When I think about Mingyu (my favourite!), I always think about her in the red wedding dress, the wedding that never happened and that pair of scissors that ended it all. So I thought of doing a small tribute piece on the traditional Chinese wedding with a slight twist.
It’s often taken for granted that Chinese weddings have to be red everywhere–red packets, red dresses, red decorations etc. But if you look at history, it was not until the Ming dynasty (sometime around 13th Century) that women started wearing red for weddings, and only around the Qing dynasty (sometime around 17th Century) that both men and women wore red for weddings.
So what did women wear in the past to get married then?
2,000 years ago, Black was the vogue colour, so black and slight linings of red would be worn. The interesting term that was used for red was not what we call it today, it was a special word which referred to the colour of the sun before it sets, so it’s more of an orangy red. The terms which were used to describe colours in the past were extremely poetic, often closely associated with natural phenomenon and mysticism. Of course, the terms would also change in different periods to refer to slightly different colours.
Then after the Han dynasty in about 220 CE, apparently white was the vogue colour for wedding. Yes, Queen Victoria inspired the white gown craze of today, and if you wish to convince your Chinese parents on the validity of wearing white for wedding, look no further than 1800 years ago’s Chinese wedding dress.
Then there was the green wedding dress of Tang dynasty and finally, it was red. So.. white wedding dress? So last^2 millennium.
Then there are the wedding candles. If you were gifted with a pair of scissors for wedding. DO NOT STAB THYSELF. Use it to cut the wick of candles. This is an interesting practice which not many might be aware of–that the ancients would trim the candle wick so the fire would continue burning brightly. This is especially when the wick got too long and would split at its ends if left untrimmed, which affects the fire.
It was said that the origin/mythology surrounding the lighting of candles for wedding came from the Ancient Dynasties period (about 4300 years ago), where Emperor Yao fell in love with a deer nymph who carried the spark of fire. He found her at a mystical cave and just as he was about to approach her, a huge python appeared. He freaked out at the sight, while she just used her magical powers to dispell the python, saving him from further embarrassment (ok, I added this part myself, but it’s true right…). Anyway, on the night they got married, a ball of fire suddenly ignited at the top of the cave (Oh yea, the Chinese invented fireworks, maybe this was their inspiration at some point).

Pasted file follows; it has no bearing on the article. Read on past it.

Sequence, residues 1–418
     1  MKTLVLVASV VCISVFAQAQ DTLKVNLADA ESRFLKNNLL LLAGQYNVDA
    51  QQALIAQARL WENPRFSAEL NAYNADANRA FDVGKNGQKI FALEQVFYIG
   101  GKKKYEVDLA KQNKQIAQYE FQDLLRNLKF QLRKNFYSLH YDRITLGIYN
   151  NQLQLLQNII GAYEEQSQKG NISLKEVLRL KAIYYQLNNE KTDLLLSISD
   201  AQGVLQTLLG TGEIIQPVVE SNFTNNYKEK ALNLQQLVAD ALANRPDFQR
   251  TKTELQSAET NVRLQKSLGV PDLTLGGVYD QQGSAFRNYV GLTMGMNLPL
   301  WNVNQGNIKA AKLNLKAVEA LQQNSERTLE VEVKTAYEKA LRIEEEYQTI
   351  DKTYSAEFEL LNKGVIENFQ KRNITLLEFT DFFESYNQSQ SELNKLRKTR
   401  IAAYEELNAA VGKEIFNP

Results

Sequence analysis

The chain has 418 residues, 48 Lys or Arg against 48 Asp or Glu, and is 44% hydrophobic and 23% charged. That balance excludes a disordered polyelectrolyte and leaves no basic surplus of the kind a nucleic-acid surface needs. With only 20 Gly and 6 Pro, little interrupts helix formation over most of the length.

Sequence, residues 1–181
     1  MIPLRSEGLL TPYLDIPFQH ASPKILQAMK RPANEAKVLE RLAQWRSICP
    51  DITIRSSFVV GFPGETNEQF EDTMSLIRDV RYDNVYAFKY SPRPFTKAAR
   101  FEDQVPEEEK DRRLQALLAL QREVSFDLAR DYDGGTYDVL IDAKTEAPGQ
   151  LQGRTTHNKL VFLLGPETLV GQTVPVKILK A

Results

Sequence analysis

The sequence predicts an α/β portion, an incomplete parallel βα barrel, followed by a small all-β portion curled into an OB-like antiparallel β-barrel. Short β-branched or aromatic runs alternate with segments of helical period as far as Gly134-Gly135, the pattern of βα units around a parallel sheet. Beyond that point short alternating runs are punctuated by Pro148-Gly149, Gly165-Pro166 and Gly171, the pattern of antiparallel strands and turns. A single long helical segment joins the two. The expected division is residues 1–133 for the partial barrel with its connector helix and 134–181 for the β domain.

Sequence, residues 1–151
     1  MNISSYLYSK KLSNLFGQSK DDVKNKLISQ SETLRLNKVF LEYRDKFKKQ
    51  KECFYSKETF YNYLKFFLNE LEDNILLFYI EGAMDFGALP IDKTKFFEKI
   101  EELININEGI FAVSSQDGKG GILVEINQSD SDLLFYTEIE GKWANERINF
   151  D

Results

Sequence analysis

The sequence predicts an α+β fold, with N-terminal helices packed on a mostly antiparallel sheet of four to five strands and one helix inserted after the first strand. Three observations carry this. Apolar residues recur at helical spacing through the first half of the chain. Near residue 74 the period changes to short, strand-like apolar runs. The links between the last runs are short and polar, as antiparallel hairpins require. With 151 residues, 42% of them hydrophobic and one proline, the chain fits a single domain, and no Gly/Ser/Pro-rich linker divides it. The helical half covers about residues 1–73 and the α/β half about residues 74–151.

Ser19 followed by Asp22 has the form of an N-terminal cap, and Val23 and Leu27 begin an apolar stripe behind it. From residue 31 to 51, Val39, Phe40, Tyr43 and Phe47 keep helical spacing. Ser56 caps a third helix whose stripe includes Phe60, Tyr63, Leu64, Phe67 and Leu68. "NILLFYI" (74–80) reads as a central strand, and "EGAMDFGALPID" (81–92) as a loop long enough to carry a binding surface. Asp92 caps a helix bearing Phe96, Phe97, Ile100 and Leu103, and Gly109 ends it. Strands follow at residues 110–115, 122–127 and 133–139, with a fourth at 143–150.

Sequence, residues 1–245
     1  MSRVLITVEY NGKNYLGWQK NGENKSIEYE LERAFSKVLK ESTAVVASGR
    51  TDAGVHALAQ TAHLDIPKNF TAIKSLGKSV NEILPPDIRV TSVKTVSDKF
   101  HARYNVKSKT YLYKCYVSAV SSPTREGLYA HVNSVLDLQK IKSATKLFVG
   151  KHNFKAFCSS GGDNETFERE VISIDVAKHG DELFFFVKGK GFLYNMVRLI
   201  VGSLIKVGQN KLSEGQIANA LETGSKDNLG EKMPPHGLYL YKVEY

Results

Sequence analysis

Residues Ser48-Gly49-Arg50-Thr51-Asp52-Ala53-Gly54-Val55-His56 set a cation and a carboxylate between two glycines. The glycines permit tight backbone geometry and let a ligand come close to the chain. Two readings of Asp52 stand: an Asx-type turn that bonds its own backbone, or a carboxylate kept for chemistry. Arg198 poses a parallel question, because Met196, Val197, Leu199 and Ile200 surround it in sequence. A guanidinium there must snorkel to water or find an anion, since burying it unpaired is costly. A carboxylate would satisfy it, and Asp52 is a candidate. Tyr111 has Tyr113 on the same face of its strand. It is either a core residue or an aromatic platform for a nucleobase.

Henceforth, people started burning candles to represent this ball of fire at wedding nights, and the wedding chamber is also known as the cave-room (洞房) in Chinese.
Of course in the show, Mingyu didn’t change into her full wedding attire, because as you might have seen from Qing dynasty photos, they would often wear really elaborate head crowns. I imagined how she might’ve looked had she progressed to that stage in life. I made that crown based on this antique crown which Angelababy wore for her wedding.
Remember that I mentioned in this article about how many shows mis-represented the Qing dynasty bottom back of hair by using some fake add-ons that stuck out like sparrow tails at the bottom? This is actually how it should look like in late Qing dynasty, with natural hair somewhat sagging down a little to form a bit of volume. But this, possibly was also not accurate to the period of Emperor Qianlong. They probably combed it all up seeing that it was still quite early into the Qing dynasty and the fashion of the Han Chinese women and their elaborate hair hadn’t caught on yet.
During the interview, apparently, the director of Yanxi mentioned that even though he was aware that the sparrow-tail back of hair was not historically accurate, he continued with that misconception because he thought people would expect it and that it was for “aesthetic purposes”.
I wonder if it was dumping down or indeed true that Qing dynasty women look better with the sparrow tail at the back. As such, I have taken the liberty to edit my image below to have one with and one without the sparrow tail.
I am interested to hear what you think!
Tail or No Tail? (haha yes, spot the difference….)